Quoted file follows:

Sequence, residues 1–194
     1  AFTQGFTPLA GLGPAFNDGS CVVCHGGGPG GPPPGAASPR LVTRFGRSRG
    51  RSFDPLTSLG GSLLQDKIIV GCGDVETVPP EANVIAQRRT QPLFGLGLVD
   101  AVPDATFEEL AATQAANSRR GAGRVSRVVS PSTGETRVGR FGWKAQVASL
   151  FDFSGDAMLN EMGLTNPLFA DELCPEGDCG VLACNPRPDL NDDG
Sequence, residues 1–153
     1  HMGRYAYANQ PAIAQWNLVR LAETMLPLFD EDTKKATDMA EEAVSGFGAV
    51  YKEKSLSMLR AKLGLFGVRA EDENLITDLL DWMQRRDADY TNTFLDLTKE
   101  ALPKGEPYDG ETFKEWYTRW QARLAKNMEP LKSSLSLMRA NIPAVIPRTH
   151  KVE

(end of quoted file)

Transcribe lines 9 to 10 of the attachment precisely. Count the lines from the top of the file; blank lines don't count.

   101  ALPKGEPYDG ETFKEWYTRW QARLAKNMEP LKSSLSLMRA NIPAVIPRTH
   151  KVE